Barton County property owners enjoyed their first-hand look Tuesday at proposed routes by the Grain Belt Express Clean Line, a $2 billion 700-mile high-voltage direct current transmission line that will cross through Pawnee and Barton counties.
The line is projected to deliver 3,500 megawatts of wind power from Kansas wind turbines to Missouri and Illinois. Potential routes were displayed at Tuesday’s meeting. Landowners within a 3-mile wide planning corridor were invited.
Property owners receive compensation for usage of their land, but most say anytime they lose usage of land, they are concerned.
Kevin Mauler has double power poles on a property nine miles west of Great Bend. Another property that might be affected is two miles from Albert.
“One proposal shows the lines would cross our property adjacent to the existing lines,” Mauler said. “It would take a wider strip out.”
Mauler said he would prefer the transmission lines not cross his property, but acknowledges they would have to be placed somewhere in northern and western Barton County.
“They prefer to run them where they already have the right-of-way,” Mauler said. “No one wants it in their back yard or next to their house. Most people aren’t worried about the money for their land. We advise them where ponds and structures are on our properties. They want to understand if livestock or families are affected. They have it pretty well laid out. We appreciate them coming out explaining where it might run.”
Karen Neuforth serves on the Barton County’s Community Development Advisory Board, which advises the Board of County Commissioners of Barton County. She’s also a property owner whose land might be affected by nearby power transmission lines.
“The board promotes economic development and the project will bring in money,” she said.
Neuforth’s property southwest of Heiser is already crossed by a high voltage and another transmission line. She came away equipped with more knowledge about the project.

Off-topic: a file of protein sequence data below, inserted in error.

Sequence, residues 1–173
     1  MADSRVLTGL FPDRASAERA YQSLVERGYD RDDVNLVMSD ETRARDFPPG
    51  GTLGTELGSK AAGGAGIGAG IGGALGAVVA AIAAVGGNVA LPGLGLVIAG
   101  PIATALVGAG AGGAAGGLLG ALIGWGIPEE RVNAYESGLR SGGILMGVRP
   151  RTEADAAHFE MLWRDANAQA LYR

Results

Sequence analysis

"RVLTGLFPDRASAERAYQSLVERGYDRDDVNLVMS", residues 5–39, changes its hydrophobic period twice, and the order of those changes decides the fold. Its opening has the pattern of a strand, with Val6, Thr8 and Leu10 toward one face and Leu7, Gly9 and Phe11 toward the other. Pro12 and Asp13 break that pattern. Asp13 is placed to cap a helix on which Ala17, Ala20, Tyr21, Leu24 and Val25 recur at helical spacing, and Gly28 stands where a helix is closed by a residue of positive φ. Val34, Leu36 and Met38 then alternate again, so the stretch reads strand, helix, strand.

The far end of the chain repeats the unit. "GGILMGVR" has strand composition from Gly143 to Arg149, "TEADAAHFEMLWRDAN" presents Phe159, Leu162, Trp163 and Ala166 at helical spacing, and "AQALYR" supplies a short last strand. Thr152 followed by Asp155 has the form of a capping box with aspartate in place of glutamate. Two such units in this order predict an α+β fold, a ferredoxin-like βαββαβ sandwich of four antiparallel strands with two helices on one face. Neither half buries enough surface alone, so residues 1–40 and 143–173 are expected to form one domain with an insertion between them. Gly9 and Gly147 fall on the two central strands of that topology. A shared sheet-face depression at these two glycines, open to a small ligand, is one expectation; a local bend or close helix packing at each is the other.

“I already have lines crossing the property, but I want to know more about it,” she said. “They’ve been able to provide a lot of details.”
Mark Lawlor, Clean Line Energy project development, met more than 150 people during Tuesday’s meeting at the Elks Lodge. More than 200 people attended a meeting in Dodge City Monday.
Lawlor said preliminary surveys have helped surveyors select optimum routing around a particular 3-mile area. He said Clean Line Energy personnel received considerable training to gain knowledge about the project and answer questions.
“The more people here, the better because it allows us to gather information for the ultimate route that is selected,” Lawlor said. “We were able to confirm a lot of information. We received a lot of personal information. We were able to talk one-on-one. We put a lot of time and effort into these meetings.”
Lawlor said landowners want the transmission lines to not affect their land usage and be out of the way. He said Clean Line Energy employees will decipher the information and look at feedback for each route and apply that to their routing criteria for minimum impact on the land. He said routes attempt to avoid homes, structures, water and environmental impact.
“We get a lot of input. There are environmental concerns we must avoid. We will get down to a preferred route,” Lawlor said. “Barton County is one of those spots with a convergence where we will be in the county.”
The current route will travel north and east from western Kansas and avoid metro areas and the Flinthills. Possible routes are scheduled may also pass through Hodgeman, Edwards, Rush, Russell, Ellsworth, Ford, Lincoln, Mitchell, Cloud and Ottawa counties.
The proposed Barton County routes run west and north of Great Bend, one between 50th and 60th Ave.; and one between 120th and 130th Ave. One Pawnee County route passes through the western half of the county by Rozel and Burdett and another runs north of U.S. 56/156.
The website (http://www.cleanlineenergy.com) features additional information.
Meetings are scheduled Wednesday at 7 a.m. at Russell’s Elks Lodge and 5 p.m. at Osborne. Beloit and Lincoln meetings are scheduled Thursday.
The proposed Kansas line route would be submitted in 2013 to the Kansas Corporation Commission. Construction could start in 2015 with operation targeted for 2018.
Clean Line plans to privately finance the development and construction and will sell transmission capacity to renewable energy generators in Kansas and to utility customers in Missouri and Illinois and states farther east. Utility companies will be charged a tariff on the transmission line.
Job opportunities will be available for transmission construction and maintenance, geotechnical engineering, surveying, restoration services, aggregate and concrete, trucking and fueling, clearing and grading, seeding and topsoil, and construction equipment rental. Clean Line Energy is committed to using qualified local labor, contractors, and service providers when possible. The wind turbines they will transfer the power from the transmission lines are not currently in operation.